My people shall never reproach me, in Stourmere;

Call me deserter, and say I returned,

Leaderless, lordless, alone from the fight.

Better is battle-death; boldly I welcome

The edge and the iron.” Full angry he charged,

Daring all danger, disdaining to fly.

Brunanburh has a great deal of detail given its length and seems to be more of a traditional retelling than a poem focused on the values present in Maldon (from my perspective). This section is an example of the tone:

“They left behind them raw to devour, the sallow kite, the swarthy raven with horny nib, and the hoarse vulture, with the eagle swift to consume his prey; the greedy goshawk, and that grey beast the wolf of the weald. No slaughter yet was greater made e’er in this island, of people slain, before this time, with the edge of the sword; as the books inform us of the old historians; since hither came from the eastern shores the Angles and Saxons, over the broad sea, and Britain sought, – fierce battle-smiths, o’ercame the Welsh, most valiant earls, and gained the land.” (Anglo-Saxon Chronicle, 938)

I would say that my poem errs more toward the narrative style of Brunanburh than the tale of honor and shame in Maldon. I slip in historical events, such as the partnership between Edwin and Raedwald, and I do my best to focus on the three kings – that is, Edwin, Penda, and Cadwallon – rather than the armies and what the men themselves might be feeling or doing. My lens is focused on Edwin’s piety, and in contrast, Penda’s pagan religion and Cadwallon’s brutality. I do try to make mention of some of the themes present in Maldon, like in this passage where I comment on Penda’s breaking of his oath to protect Edwin’s son and how, to a Saxon, that would be a breach of their code of honor:

“In hatred and anger // hunted Edwin.

Penda took Eadfrid, promised shelter.

Oathbreaking Penda // honored nothing.”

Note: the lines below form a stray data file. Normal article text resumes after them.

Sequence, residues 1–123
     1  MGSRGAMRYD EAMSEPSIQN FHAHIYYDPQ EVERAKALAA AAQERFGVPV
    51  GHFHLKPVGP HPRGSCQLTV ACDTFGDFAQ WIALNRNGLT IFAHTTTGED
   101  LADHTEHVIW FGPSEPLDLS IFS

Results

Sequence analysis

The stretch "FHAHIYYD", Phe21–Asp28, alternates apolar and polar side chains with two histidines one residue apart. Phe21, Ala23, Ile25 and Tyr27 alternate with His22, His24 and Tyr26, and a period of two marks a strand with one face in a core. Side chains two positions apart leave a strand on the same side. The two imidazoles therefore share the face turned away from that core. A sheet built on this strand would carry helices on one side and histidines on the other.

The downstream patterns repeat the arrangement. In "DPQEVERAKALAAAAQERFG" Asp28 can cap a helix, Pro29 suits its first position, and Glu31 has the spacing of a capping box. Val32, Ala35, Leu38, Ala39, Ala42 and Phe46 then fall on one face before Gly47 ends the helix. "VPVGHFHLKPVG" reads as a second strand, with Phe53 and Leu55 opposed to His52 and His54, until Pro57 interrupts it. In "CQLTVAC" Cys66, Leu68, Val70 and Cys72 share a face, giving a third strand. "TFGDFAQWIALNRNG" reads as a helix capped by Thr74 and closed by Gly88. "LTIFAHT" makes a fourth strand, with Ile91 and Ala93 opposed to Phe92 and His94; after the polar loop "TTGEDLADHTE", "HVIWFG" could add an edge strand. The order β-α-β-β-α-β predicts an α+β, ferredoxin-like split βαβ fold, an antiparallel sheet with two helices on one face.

I also make mention of the idea that men are expected to fight for their liege, though I am nowhere near as heavy-handed with this theme as the Maldon poet:

Oathbound fighters, // Edwin’s liegemen,

To Penda’s war-field, // praying for boldness,

Deira’s princes // daring to follow,

Praying and hoping // for Penda’s downfall.

Ultimately, my goal was less to retell a piece of history in a way that might seem authentic to an Anglo-Saxon audience. I feel that Brunanburh and Maldon both do an excellent job at that, and my goal was to see if I could take some of Bede’s writing and spin it into a poem. I think that I was more successful in this endeavor than I have been in the past.

Works Cited

Bede, David Hugh. Farmer, R. E. Latham, Egbert, and Cuthbert. Ecclesiastical History of the English People: With Bede’s Letter to Egbert. London, England: Penguin, 1990. Print.

Ingram, J., and J. A. Giles. The Anglo-Saxon Chronicle. London: J.M. Dent & Sons, 1912. Print.

Marren, Peter. Battles of the Dark Ages: British Battlefields AD 410 to 1065. Barnsley: Pen & Sword Military, 2006. Print.

Pollington, Stephen. First Steps in Old English. Hockwold-cum-Wilton, Norfolk: Anglo-Saxon, 1997. Print.

Terasawa, Jun. Old English Metre. Toronto: U of Toronto, 2011. Print


“The Battle of Maldon (Fragment).” Translated by J. Duncan Spaeth. Old English Poetry, translated by J. Duncan Speath, Princeton University Press, 1922, p. 164. LitFinder